When evaluating the real cost of an outdoor fireplace, you have to look beyond installation. Sadly, any fireplace is not a set it and forget type of home feature. It requires upkeep to keep it in top working condition.
The following fireplace repairs will pop up. However, if you follow the maintenance tips below, you can hopefully avoid a $388 fireplace repair bill.
Outdoor Fireplace Maintenance
Unlike indoor fireplaces, your backyard sees a lot of weather change. No matter what type of fireplace you install, rain, snow, sleet and all of nature’s elements affect your fireplace. Therefore, always consider the following maintenance items before and after a storm hits.
- Clean Logs: Buy cleaning logs
- Loose Bricks or Stone: Mortar deteriorates over time, causing loose brick
- Decorative Tile: May have to cover before storms
- Firebox: Clean it once a month
- Metal Fireplaces: Replace rusted elements
Outdoor Fireplace Repairs
Of course, we oftentimes can’t avoid certain repairs. When they are called upon, you should have a rough idea of their average costs.
You must clean your chimney. If you don’t, creosote, which gets left behind after every fire, can build up and cause severe damage. Cleaning logs help remove creosote. When the logs don’t work or you’ve neglected your chimney for far too long, you’ll have to connect with a local chimney cleaning company.
Weather causes brick, stone and tile to expand and contract over time. As you might expect, the mortar can’t hold in the elements when they’re moving. The end result is masonry cracks across your outdoor fireplace. Luckily, small cracks can be fixed for as little as $200. However, if a crack extends the length of the fireplace, you could spend upwards of $10,000 (for custom fireplaces).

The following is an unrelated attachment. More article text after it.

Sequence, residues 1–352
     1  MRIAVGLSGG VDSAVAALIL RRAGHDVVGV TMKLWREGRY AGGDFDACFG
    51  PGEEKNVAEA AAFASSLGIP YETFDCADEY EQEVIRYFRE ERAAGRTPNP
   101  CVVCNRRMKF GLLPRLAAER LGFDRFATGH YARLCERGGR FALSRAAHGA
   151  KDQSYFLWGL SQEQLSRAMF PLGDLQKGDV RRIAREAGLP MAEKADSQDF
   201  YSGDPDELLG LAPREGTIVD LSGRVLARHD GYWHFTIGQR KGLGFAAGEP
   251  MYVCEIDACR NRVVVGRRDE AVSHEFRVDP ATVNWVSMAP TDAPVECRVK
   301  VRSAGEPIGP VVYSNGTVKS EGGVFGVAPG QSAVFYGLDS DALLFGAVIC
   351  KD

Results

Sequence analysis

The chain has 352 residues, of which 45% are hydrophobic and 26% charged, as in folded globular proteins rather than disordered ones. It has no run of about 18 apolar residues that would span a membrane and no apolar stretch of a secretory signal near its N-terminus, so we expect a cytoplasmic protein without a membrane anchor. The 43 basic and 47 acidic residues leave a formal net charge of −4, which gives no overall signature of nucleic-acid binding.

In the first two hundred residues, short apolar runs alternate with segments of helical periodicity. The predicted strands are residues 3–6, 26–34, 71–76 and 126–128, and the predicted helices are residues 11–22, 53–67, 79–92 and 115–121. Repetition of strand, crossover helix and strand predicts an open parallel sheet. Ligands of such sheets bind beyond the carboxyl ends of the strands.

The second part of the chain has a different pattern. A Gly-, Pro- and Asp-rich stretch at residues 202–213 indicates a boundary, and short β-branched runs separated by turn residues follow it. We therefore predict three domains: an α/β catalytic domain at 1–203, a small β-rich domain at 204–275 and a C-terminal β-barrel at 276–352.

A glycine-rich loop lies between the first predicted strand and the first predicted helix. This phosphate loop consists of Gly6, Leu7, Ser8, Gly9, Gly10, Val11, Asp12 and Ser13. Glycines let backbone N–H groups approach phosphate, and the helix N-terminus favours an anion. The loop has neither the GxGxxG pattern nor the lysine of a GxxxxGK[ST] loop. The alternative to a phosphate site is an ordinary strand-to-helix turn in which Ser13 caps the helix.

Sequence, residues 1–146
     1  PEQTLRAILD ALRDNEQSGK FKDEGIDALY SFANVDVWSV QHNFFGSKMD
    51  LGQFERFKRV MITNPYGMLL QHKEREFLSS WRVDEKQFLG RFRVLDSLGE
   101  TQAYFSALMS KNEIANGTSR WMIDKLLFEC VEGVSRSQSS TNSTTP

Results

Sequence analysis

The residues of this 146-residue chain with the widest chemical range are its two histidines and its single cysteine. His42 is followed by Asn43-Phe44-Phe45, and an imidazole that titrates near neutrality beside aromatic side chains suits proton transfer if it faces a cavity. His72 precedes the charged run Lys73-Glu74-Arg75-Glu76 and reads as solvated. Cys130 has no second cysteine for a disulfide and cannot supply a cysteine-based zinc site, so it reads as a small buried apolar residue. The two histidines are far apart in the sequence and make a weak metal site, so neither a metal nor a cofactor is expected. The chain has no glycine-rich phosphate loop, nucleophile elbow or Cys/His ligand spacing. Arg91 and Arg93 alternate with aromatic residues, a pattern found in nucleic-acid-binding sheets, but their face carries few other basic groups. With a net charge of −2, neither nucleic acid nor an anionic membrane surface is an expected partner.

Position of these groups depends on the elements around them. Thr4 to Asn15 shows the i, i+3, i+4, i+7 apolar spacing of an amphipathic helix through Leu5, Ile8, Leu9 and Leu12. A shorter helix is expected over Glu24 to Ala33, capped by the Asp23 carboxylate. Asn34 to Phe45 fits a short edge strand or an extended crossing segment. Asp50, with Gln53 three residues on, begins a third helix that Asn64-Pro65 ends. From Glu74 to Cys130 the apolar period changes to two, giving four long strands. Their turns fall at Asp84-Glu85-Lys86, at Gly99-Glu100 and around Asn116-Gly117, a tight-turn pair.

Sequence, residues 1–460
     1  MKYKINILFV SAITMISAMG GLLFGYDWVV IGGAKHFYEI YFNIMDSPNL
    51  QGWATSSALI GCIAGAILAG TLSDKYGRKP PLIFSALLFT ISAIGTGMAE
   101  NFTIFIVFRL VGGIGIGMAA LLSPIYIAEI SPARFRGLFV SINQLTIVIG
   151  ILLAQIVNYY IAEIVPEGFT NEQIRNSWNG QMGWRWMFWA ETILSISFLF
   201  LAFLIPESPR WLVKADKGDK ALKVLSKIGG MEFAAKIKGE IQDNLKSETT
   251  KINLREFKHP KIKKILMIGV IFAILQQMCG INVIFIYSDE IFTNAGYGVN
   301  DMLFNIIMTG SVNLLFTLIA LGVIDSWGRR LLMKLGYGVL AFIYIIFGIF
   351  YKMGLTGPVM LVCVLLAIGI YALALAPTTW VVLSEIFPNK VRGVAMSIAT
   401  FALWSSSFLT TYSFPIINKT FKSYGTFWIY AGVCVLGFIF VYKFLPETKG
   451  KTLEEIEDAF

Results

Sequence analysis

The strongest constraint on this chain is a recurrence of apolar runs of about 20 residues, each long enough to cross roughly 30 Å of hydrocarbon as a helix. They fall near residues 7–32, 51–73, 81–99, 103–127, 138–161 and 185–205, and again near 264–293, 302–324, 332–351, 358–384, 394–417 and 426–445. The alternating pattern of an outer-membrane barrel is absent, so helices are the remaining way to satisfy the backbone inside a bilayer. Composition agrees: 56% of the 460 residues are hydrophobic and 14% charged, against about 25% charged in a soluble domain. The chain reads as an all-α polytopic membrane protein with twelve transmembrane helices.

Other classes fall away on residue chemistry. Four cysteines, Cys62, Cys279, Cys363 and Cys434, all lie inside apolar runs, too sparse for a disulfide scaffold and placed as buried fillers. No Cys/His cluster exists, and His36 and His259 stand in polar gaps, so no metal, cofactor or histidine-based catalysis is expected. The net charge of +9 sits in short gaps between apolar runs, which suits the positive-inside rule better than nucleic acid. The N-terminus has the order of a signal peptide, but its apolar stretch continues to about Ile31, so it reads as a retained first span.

If your bricks or stones are expanding, water will get into your fireplace. In addition to cracks, if you have any leaks, you’ll have to worry about mold and rot. Sadly, most leaks occur at the top of your fireplace. If you can reach, most DIY fixes cost as little as $100. If you hire a fireplace pro to reseal the crack, expect to pay roughly $400.
Your fireplace crown protects your chimney’s flashing and bricks towards the top. It keeps the right elements out, like pests and water, and right elements in, like sparks. Similar to a leak, you should not pay more than $400 to fix a fireplace crown.
DIY Or Hire A Pro?
Building an outdoor fireplace is no easy feat, especially if you’re going with wood, gas or propane. Electric units, you just by and plug in. All others, real installation is required.
Like most fireplace projects, we highlight recommend you call in the pros. Given the nature of the project, the dangers and complexity with custom fireplaces, it’s safer to let pros who have been in the business for years handle it.
How To Build An Outdoor Fireplace
If you’re a DIY enthusiast and ready to take on a challenging outdoor project, we’re happy to give you a helping hand. Below are all the necessary steps to build a brick or stone outdoor fireplace. For more details or if you’re a visual learner, check out the video below.
- Gather your fireplace insert and measure it. Use measurements to make the frame.
- Add hoses and other accessories.
- Cover frame with tar paper
- Attach metal lath to tar paper with a nail gun.
- Cover metal lath with mortar.
- Mix more mortar and add to back of stone or brick. Then, attach to fireplace. Hold each in place for 30 seconds.
- Fill in gaps with mortar.
Find A Fireplace Pro
Installing an outdoor fireplace can get expensive, but knowing the biggest price factors, such as pre-fab or custom and fireplace materials, can go a long way in decreasing your outdoor fireplace cost.
If you’re ready to add a beautiful feature to your backyard, let us help you connect with local fireplace contractors.
Last updated on Mar 1, 2017